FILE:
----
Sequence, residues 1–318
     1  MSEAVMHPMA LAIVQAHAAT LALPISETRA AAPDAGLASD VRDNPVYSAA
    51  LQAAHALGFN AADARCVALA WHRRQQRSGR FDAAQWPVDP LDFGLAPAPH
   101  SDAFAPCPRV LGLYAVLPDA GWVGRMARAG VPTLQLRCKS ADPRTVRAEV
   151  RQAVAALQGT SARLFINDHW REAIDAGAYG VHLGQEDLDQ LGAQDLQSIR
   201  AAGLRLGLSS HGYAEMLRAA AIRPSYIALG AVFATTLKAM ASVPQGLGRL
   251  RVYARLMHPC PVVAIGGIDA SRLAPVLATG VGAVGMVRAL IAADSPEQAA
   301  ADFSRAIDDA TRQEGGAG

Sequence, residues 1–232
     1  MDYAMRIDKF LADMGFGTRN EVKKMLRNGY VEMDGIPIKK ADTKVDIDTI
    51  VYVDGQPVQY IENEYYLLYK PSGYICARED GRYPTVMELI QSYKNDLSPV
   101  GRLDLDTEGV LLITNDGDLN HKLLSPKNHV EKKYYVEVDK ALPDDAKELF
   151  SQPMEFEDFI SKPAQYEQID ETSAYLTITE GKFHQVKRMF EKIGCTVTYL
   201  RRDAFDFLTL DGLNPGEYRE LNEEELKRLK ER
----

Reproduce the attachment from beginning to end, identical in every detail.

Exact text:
Sequence, residues 1–318
     1  MSEAVMHPMA LAIVQAHAAT LALPISETRA AAPDAGLASD VRDNPVYSAA
    51  LQAAHALGFN AADARCVALA WHRRQQRSGR FDAAQWPVDP LDFGLAPAPH
   101  SDAFAPCPRV LGLYAVLPDA GWVGRMARAG VPTLQLRCKS ADPRTVRAEV
   151  RQAVAALQGT SARLFINDHW REAIDAGAYG VHLGQEDLDQ LGAQDLQSIR
   201  AAGLRLGLSS HGYAEMLRAA AIRPSYIALG AVFATTLKAM ASVPQGLGRL
   251  RVYARLMHPC PVVAIGGIDA SRLAPVLATG VGAVGMVRAL IAADSPEQAA
   301  ADFSRAIDDA TRQEGGAG

Sequence, residues 1–232
     1  MDYAMRIDKF LADMGFGTRN EVKKMLRNGY VEMDGIPIKK ADTKVDIDTI
    51  VYVDGQPVQY IENEYYLLYK PSGYICARED GRYPTVMELI QSYKNDLSPV
   101  GRLDLDTEGV LLITNDGDLN HKLLSPKNHV EKKYYVEVDK ALPDDAKELF
   151  SQPMEFEDFI SKPAQYEQID ETSAYLTITE GKFHQVKRMF EKIGCTVTYL
   201  RRDAFDFLTL DGLNPGEYRE LNEEELKRLK ER